Festivals of India - Dassehra

Tuesday, November 14, 2006 Dr. Vishaal Bhat 0 Comments

Dassehra or Dasara is a 10-day-long colourful annual festival that celebrates the victory of the forces of good over the evil. Being a festival that worships the palpable power of a woman, Goddesses Durga, Lakshmi and Saraswati are worshipped according to certain traditional practices. Goddess Saraswati who embodies knowledge, Durga symbolising dynamism and Lakshmi, an epitome of willpower are revered and offered prayers.

Dasara in Karnataka is known for its legendary
magnificence and splendour. Apart from the high profile Dasara processions, breathtaking illumination of the Mysore Palace, craft fairs, lights and exhibition, the festival has gathered enormous significance among the households as well. It is perhaps one of the few festivals in the country where pomp and show have not quite managed to steal away the real essence and meaning from it.

The festival comprises a long drawn series of poojas and arrangements for which preparations start much earlier. During the first three days, we do Durga pooja, then Lakshmi pooja and the last three days, we worship Saraswati. We invite guests and offer them Harishina Kumkuma. Pooja happens in the mornings and in the evenings, we make sweets and sundal.

It is a festival that is taken care of completely by the women in the family.

In Tamil Nadu, the nine-day Navaratri celebrations more or less resemble that of the Kannadigas. The festivities start after Ammavasai (full moon). Of the nine-day-celebrations, three days are dedicated to the worship of Lakshmi, Saraswati and Durga. The day is celebrated to commemorate the death of demons in the hands of these three goddesses who killed them to save the people. Betel leaves, betel nuts, mirrors, combs, fruits and other gifts are given to guests on that day.

During the festival we make sundal with boiled green gram and keep kalasam, a small pot with a coconut on top. Later bommai kolu, which is arranging dolls on artificially constructed steps, is made and it is then decorated elaborately with lamps and flowers. We put up the bommai kolu on the first day of Navaratri and is removed on Vijayadashmi.

Navaratri celebrations end with Vijayadashmi, a day to worship goddess Saraswati. Books are placed in front of the goddess and pujas are done.

This is believed to be an auspicious day to start anything new. ‘‘Brahmins usually wear the nine-yard saree and have a special menu each day,’’says Bhuvaneswari Sriram.

Compared to other states, Dasara in Kerala is a low key affair. Vijayadasami is celebrated as Vidyarambham, marking ritualistic initiation of tiny tots into the world of art and letters.

This is done by writing the letters Hari Sri Ganapataye Namah Avignamastu and all the letters with a piece of gold on the tongue of the child. The child is also made to write the same letters with his index finger on raw rice kept in a steel plate and utter each word while writing it.

Either the father of the child or an eminent teacher officiates at this ritual. A lot of children get initiated into learning in temples dedicated to Saraswati, the goddess of wisdom and learning on Vijayadasami.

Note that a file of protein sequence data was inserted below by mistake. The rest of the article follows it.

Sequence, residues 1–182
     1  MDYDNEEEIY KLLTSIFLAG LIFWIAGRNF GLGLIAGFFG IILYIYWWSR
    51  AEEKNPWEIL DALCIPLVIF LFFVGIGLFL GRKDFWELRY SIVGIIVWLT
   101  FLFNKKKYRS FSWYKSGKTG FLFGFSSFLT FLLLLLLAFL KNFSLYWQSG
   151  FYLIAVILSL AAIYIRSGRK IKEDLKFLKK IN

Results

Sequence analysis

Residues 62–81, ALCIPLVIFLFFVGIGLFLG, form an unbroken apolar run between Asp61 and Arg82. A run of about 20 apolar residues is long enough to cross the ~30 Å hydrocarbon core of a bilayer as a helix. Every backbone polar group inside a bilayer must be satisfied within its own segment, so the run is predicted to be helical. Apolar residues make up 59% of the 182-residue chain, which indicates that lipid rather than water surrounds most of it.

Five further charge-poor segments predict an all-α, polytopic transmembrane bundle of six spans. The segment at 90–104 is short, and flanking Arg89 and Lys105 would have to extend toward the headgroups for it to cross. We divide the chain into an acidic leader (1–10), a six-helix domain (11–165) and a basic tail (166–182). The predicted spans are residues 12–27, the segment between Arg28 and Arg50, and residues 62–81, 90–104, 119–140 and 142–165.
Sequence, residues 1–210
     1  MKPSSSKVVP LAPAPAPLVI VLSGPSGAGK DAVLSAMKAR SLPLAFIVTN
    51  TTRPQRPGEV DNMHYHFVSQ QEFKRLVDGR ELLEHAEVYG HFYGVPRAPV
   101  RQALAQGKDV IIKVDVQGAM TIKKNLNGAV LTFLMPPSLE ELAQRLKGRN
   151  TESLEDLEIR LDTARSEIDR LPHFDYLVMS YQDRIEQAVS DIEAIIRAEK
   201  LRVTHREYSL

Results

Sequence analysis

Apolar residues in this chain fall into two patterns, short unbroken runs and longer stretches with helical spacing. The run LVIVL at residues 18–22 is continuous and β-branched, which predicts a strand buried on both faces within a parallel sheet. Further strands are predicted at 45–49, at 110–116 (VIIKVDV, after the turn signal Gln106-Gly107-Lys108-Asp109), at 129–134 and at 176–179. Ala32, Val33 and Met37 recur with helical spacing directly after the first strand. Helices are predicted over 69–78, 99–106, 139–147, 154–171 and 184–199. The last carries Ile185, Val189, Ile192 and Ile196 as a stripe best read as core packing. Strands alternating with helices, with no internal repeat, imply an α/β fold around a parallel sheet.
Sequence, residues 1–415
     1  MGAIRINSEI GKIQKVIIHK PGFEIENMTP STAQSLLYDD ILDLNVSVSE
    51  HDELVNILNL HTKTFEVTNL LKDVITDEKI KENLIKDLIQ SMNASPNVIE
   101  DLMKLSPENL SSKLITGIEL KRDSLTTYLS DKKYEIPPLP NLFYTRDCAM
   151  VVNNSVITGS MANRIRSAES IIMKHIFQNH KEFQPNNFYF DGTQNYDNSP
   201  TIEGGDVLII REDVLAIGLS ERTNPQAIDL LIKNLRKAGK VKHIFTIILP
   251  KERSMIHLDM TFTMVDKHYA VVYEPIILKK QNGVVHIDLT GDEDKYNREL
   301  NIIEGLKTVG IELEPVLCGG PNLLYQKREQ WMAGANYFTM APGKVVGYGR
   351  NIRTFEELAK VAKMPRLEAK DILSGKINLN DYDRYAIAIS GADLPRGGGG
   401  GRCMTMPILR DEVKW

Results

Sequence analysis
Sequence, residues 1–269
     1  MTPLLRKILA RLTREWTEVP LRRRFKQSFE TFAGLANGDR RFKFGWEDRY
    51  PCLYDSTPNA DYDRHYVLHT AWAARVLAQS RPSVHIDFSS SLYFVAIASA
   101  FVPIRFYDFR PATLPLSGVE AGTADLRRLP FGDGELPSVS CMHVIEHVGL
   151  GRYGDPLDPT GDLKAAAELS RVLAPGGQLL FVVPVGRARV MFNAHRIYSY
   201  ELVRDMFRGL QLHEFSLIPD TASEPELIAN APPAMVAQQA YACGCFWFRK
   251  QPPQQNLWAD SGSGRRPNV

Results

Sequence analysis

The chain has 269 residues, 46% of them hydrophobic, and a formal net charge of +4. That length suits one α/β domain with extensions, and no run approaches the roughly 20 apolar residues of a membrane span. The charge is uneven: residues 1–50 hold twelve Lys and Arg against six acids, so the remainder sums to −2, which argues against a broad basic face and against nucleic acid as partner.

Kochi adorns a special look due to the presence of Gujarati community. With Krishna, Devi and Jain temples close to each other, it is easier for these Gujaratis to celebrate their functions in all its grandeur. Bharat Khanna, board member of Gujarati Mahajan, Parwana Mukh, Kochi, says ‘‘every year in Kochi, we celebrate Navratri in a very traditional way, unlike in Mumbai. We have the ladies’ Garba in the evening and men join them later in the night. The women will fast through out the day and on the ninth day of the festival, we immerse the Devi idol in a river or the backwaters.’’

The Brahmin community in several parts of Kerala also celebrate Navaratri with grandeur.

In Andhra Pradesh is season for the devout. Big or small, every village, town or city has a temple of Goddess Durga/Shakti. Starting from day one of the festival, the Goddess is decorated in one of the incarnations like Balatripura Sundari, Gayatri, Annapurna, Saraswati and Mahalakshmi. Special pujas are performed on each day. On the ninth day, the jammi tree is worshipped. Devotees write their wishes on paper slips and attach to the tree in anticipation of getting them fulfilled.

In Hindu homes, Dasara is celebrated with great reverence, especially by the women. There is the nine-day puja ritual wherein the Goddess is worshipped with offerings of one particular colour each day. For instance, on the first day, Rajarajeswari puja is performed by offering dark blue saree, blue bangles and flowers. Another interesting tradition that’s in vogue in Telangana is Batakamma. It is a floral arrangement in the shape of a cone.

This is believed to be Goddess Gowri. Starting from Amavasya, village belles prepare Batakammas, congregate at the temple pond and leave it in the water. On the ninth day, huge Batakammas are prepared. But that’s about tradition. The present generation doesn’t have time for rituals. The festival and its significance is reduced to new clothes and festival delicacies.


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